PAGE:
GFM Network News


Miles Dyck studied sulphur deficiency at the Breton Plots, a long-term crop rotation research site established in 1930.

Nutrient balance key to avoiding sulphur deficient soils

Production of more high-sulphur demand crops such as pulses and canola is creating a shortage in some fields

In order for any crop to use fertilizer efficiently, it needs to have all of its nutrient deficiencies met, says Miles Dyck, an associate professor of soil science in the department of renewable resources at the University of Alberta. The most common nutrient deficiencies in Western Canada are nitrogen and phosphorus, but because of the […] Read more

“Soil is life,” says producer Blain Hjertaas. “Our job as farmers is to be stewards of that, and improve it as we use it.”

The building block of soil

Soil scientists are putting more focus on the value of organic matter for feeding important microbes and boosting moisture-managing capacity

Without it, soil is just dirt. There’s a new recognition of the importance of soil organic matter, and not only for improving crop yields. It’s also a tool in the effort to mitigate climate change. Blain Hjertaas, a holistic management farmer and grazier at Redvers, Sask., participates in the Soil Carbon Challenge, an international “competition” […] Read more


Soil pH is often highly variable within fields, as demonstrated in this map of a single central Alberta field. The range is from red (pH of 4-4.5) to dark lime green (pH of 7.5-8). That is why grid sampling is an important step in lime application.

If you have low soil pH, should you lime?

It can take tonnes of lime per acre to move soil pH from 5 to 7, but improved fertilizer availability for all crops, better nodulation for pulse crops and alfalfa, and reduced risk from clubroot in canola can make the investment worthwhile

“Finally.” That word got special emphasis when Doug Penney was asked about liming. “It has become a hot topic… finally.” Penney, a long-serving Alberta Agriculture fertility specialist and now semi-retired crop consultant, says many fields in Western Canada — especially in Alberta — probably would have benefited from lime a long time ago. Fields most […] Read more

The Wintex 2000 is popular in Western Canada but is now being replaced by Wintex 3000 units.

Advanced soil sampling

It’s time to get excited about soil testing again… seriously!

In many ways, a soil test represents an aspect of farming that is necessary yet unfairly and inaccurately viewed with about as much anticipation as filing an income tax return. Despite the fact that soil tests provide invaluable information and a potential road map for adding value to future crop plans, there isn’t an overall […] Read more


McCain’s one-year multi-species blend contains 13 species, including spring oats, balansa clover, Austrian winter peas and sunflower.

2 covers — 25 species

P.E.I. potato growers are exploring diverse approaches to solve their low organic matter levels with cover crops

Soil organic matter has become a popular topic of discussion in the past year. In Ontario, a report from late 2016 indicated soil organic matter (SOM) levels in many parts of the province are at 15-year lows, coinciding with increasing interest in the use of cover crops, reduced- or no-till management and longer rotations in […] Read more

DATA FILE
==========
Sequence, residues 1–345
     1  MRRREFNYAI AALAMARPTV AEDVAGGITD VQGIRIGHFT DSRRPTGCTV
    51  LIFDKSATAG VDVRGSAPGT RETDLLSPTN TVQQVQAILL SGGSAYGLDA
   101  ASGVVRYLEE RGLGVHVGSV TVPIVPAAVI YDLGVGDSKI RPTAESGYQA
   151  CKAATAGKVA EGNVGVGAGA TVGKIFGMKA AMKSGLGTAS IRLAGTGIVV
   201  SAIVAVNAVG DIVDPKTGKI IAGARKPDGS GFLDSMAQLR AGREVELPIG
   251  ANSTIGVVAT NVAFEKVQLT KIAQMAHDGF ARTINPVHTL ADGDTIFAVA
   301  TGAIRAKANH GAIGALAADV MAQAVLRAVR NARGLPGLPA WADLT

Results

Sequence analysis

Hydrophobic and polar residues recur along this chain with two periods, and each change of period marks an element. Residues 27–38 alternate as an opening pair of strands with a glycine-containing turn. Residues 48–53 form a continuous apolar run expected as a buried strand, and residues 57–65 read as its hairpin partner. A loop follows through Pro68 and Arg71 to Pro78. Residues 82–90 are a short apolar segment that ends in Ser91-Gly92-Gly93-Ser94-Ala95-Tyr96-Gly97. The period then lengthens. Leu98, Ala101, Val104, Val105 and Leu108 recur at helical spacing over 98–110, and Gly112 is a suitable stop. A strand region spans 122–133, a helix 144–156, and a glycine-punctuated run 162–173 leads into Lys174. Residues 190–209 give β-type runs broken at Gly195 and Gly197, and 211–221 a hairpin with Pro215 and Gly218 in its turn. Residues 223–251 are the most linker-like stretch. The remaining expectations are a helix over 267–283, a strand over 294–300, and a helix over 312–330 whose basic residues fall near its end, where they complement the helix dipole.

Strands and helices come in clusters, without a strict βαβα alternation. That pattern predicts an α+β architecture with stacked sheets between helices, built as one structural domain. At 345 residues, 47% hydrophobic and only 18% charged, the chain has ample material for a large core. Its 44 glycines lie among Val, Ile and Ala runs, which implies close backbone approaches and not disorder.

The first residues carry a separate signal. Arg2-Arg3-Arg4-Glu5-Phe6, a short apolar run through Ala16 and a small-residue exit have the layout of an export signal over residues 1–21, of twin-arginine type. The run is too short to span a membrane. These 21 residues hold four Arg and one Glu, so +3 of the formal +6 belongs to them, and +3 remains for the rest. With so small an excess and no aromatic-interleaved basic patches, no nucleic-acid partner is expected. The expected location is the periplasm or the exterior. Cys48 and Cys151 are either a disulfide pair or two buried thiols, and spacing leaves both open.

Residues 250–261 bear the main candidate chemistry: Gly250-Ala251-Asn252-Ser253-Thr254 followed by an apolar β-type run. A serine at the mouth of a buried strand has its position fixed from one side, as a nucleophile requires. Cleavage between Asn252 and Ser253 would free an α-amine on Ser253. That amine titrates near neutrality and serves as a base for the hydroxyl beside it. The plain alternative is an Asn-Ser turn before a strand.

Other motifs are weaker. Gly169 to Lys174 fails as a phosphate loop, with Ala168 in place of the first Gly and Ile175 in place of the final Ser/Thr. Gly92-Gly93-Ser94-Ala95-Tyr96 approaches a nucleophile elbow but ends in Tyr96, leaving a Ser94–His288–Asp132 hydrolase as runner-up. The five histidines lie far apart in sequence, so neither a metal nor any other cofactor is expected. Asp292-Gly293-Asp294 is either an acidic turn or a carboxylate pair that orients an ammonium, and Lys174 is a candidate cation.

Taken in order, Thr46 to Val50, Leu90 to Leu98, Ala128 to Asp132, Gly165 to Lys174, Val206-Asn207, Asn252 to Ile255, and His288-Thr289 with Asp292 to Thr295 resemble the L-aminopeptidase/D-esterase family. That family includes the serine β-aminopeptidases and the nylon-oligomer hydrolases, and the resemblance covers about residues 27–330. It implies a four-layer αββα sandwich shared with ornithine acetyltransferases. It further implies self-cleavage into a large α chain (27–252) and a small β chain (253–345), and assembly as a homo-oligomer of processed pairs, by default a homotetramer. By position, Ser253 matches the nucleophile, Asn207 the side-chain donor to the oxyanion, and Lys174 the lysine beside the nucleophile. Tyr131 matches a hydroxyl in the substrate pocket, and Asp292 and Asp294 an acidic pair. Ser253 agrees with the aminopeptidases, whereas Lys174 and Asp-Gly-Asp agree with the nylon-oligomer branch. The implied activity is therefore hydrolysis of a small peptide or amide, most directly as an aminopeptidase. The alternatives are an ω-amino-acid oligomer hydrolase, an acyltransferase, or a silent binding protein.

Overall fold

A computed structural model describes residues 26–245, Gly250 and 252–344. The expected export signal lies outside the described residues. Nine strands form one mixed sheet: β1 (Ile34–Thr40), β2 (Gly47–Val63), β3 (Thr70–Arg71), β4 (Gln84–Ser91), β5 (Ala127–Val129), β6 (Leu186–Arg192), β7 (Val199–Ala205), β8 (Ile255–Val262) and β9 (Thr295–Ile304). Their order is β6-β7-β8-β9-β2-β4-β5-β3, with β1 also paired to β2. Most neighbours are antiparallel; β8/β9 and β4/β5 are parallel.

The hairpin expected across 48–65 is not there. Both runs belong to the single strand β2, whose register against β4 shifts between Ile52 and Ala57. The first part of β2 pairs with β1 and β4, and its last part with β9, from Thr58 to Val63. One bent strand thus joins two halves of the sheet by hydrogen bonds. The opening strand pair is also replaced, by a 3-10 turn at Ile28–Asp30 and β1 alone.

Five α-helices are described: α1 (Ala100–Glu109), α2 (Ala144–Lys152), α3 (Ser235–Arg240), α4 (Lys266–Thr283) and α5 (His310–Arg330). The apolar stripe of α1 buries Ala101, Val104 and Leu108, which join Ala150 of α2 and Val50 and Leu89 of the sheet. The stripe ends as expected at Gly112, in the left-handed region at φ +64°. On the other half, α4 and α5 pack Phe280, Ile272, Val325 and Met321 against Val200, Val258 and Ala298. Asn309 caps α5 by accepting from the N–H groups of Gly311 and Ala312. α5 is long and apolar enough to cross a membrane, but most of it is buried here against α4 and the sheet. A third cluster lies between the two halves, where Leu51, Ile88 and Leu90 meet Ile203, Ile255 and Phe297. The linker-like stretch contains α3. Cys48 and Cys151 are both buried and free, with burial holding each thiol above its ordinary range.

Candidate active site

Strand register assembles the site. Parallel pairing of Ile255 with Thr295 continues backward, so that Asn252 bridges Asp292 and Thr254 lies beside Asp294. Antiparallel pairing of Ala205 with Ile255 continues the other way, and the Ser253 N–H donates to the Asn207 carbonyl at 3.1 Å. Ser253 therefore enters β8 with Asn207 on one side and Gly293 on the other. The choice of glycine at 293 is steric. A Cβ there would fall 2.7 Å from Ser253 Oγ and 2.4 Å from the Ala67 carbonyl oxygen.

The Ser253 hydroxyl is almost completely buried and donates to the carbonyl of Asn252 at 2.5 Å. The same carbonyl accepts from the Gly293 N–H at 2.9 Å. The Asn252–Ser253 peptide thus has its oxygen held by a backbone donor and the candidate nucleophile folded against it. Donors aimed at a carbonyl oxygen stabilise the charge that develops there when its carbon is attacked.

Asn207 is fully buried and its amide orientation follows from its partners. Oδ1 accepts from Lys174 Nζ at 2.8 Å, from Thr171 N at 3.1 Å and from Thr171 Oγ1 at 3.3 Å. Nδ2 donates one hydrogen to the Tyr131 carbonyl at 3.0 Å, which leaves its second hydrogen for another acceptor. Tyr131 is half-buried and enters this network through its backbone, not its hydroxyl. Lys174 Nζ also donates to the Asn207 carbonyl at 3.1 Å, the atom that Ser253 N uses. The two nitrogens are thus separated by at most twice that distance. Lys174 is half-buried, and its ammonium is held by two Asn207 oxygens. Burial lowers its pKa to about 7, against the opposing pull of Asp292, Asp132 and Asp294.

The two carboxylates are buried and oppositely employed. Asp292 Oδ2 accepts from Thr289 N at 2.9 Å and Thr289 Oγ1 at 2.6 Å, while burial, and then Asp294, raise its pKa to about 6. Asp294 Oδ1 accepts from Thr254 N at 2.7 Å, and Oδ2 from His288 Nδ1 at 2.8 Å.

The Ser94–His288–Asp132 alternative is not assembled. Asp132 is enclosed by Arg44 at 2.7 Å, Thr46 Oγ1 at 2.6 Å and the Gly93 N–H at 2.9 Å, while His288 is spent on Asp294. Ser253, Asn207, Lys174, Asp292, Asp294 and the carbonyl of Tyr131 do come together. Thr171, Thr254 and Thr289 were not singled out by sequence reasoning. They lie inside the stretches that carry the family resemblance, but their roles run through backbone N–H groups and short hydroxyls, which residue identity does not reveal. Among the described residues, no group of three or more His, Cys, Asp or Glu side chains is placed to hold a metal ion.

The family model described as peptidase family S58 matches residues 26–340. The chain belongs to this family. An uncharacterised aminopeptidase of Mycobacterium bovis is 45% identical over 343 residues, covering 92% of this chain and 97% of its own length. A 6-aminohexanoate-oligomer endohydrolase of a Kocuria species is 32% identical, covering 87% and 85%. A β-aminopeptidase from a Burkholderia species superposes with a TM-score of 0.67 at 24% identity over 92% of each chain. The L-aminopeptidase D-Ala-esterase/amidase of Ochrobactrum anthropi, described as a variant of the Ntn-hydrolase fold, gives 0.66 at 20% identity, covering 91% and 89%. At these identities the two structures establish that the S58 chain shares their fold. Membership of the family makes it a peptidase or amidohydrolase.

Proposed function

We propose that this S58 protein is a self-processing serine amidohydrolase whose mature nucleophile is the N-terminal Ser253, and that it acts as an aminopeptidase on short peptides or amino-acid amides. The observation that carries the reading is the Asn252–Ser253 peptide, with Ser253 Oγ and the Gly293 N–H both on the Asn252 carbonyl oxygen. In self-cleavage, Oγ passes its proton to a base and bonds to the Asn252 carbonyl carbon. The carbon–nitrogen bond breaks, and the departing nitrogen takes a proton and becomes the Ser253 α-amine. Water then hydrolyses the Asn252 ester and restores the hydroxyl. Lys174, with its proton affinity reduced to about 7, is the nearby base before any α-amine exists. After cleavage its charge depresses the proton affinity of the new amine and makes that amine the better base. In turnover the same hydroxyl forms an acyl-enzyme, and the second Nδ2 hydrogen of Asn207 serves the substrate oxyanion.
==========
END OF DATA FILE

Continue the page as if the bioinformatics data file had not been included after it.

Growers who are considering multi-species cover crops should determine their specific goals: Is it to scavenge nutrients, help cycle them from subsoil or store them for future use?

Is it time you get started with a cover crop?

Cover crops may not be as simple as we used to think. But they aren’t that complex either

The funny thing about implementing change is that it’s possible to over-think a situation and become mired in the process of simply getting started. A person becomes so concerned with the challenges of the “how” that they begin to lose sight of the value of the “why.” In other words, getting started can be the […] Read more


Four ways to increase your organic matter

A question that I hear a lot is, “How do cover crops fit into a grain operation?” Lots of grain farmers have no desire to get into the livestock business and no interest in producing hay. But many have some soil issues that need to be addressed. This can be done by buying more iron[...]
Read more

Six factors to consider if your soil moisture level is low

To date, all indications are pointing to a dry spring, given the below-average precipitation received in many areas of the Prairies this winter. There are exceptions to every rule of course, but a lot of farmers had relatively dry soils going into winter, so we asked some agronomists and provincial crop experts what factors could[...]
Read more


Students work at seeding the lysimeters by hand at the Elora Research Station.

The crop rotation effect

At last, scientists hope to explain exactly why rotations are such a good practice

It’s one thing to know the benefits of a practice, it’s another to understand the “why,” especially when it comes to biological functions where the road to understanding can be anything but simple. In cropping terms, science has known about the benefits of longer rotations for years, but not about the exact reasons why. This[...]
Read more

Growers have been completely shocked by the soil tests they got back.” – Jim Hazlewood, Stratford Agri Analysis.

Empty soils

Today’s big-yield genetics really are draining the nutrient supply in our soils

The power of today’s corn hybrids and soybean varieties to exceed farmers’ expectations is a testament to the science of plant breeding, and also to the value of selecting the best elite genetics. That farmers in Eastern Canada have been able to push corn yields to 200 bu./ac. and soybeans to 60 bu./ac., even in[...]
Read more